It took me three weeks before I felt it… the death by Zoom. At first, I loved skipping the commute and having fun online dress-up parties with friends. But, by the third week my body would recoil at the idea of spending another moment on a screen. A future of virtual reality was rapidly losing all appeal. I tried all the things...
Using an online communication platform is like speaking in a different language. I resented being forced into the one-way communication. It started giving me anxiety when people would talk over each other. Every conversation was THIS.
Here you go. My personal tips for surviving death by zoom in case you’re feeling the burnout too.
Remember, this is not normal. Before doing anything else, take a moment to acknowledge that this is not normal. If there is a tiny (or loud) voice inside of you that wants to smash your screen, and feels anxious or avoidant, pause and give that voice gratitude. Your body knows it’s not healthy human behavior to stare into a screen all day.
Cancel. Ask yourself – do you really need to have this meeting? Really? If not, cancel it or shorten it. If you are not sure why you were invited to the call, ask the host or check with your manager to confirm if you really need to be there.
Set a clear agenda. Is this call for connection or function? Do you need to discuss something or make decisions? A well-structured call will help participation know why they are there. State the purpose of the call at the beginning of the meeting.
Request feedback. At Seven Star, my women’s Kung Fu group, after every class they pause for a couple minutes of feedback from the participants. This helps everyone stay engaged and provides good ideas for how to make calls/classes better. Ask, “how did this call go for you?” or “what can we do next time to improve this call?”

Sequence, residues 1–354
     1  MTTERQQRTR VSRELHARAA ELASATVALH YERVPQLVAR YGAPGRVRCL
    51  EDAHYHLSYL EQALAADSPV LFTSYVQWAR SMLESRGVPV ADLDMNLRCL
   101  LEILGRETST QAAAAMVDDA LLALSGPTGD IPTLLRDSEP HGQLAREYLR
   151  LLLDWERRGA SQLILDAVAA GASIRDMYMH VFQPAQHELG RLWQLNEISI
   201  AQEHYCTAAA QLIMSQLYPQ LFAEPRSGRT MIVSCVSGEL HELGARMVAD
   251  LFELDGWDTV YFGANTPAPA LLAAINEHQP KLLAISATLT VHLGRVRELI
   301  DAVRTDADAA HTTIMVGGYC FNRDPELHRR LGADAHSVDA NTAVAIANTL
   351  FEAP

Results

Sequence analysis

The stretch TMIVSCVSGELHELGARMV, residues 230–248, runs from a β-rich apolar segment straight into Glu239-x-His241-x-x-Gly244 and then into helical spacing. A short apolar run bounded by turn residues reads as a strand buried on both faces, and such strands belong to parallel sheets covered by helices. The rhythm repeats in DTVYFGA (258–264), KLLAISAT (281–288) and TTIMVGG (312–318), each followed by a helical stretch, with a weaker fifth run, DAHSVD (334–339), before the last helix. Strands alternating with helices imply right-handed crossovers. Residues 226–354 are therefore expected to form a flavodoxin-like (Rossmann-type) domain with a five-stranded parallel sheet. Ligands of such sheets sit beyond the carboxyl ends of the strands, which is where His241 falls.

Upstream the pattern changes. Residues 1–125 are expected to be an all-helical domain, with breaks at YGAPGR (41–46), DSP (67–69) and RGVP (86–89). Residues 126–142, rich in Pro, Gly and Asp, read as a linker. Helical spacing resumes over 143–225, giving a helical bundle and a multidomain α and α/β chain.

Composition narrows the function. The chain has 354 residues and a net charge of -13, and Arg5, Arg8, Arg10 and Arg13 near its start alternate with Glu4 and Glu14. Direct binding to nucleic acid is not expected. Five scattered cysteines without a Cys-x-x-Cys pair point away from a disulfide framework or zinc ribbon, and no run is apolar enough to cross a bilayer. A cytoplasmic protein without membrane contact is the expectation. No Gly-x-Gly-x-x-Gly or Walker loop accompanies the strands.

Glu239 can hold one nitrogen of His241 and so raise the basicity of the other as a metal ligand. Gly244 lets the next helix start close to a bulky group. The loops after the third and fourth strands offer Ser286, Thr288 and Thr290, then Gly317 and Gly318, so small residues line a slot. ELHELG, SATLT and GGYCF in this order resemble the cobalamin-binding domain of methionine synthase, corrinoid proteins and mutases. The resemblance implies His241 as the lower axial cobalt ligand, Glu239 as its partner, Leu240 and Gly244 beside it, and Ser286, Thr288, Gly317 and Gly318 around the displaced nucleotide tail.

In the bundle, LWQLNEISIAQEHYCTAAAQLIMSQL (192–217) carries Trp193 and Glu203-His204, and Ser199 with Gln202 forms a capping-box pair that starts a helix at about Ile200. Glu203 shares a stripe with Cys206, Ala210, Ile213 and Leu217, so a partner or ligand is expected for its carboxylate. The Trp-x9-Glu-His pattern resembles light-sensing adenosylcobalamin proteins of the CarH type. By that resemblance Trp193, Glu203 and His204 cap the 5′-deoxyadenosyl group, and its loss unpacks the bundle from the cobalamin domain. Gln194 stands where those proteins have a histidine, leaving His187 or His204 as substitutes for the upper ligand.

Try humor. There is great wisdom in humor and absurdity. Have you heard the conference call song?
Use good virtual meeting etiquette. While it may seem like the most boring thing to learn, a well-facilitated virtual meeting can be heaven-sent. A strong facilitator will go a long way.
Fancy up your “office space.” Create an environment that is welcoming and soothing to your senses. There is plenty of research about how your physical environment impacts you. Get a pillow for your chair. Have a fresh glass of water. Put some new spring flowers on your desk. Design for comfort.
Remember, this is not normal. It’s so important I’ll say it again. These are unprecedented times. We're experiencing the type of change that will be written into history books. The type of change that doesn’t allow us to go back to “normal.”
Now is the time to sink deep into your soul. Listen. And take stock of what is really working and what really isn’t. This will change the face of work, of how we socialize, of how we vote and of how we decide to build a world moving forward. There’s no better time to toss out what’s not working, and invite in new possibilities.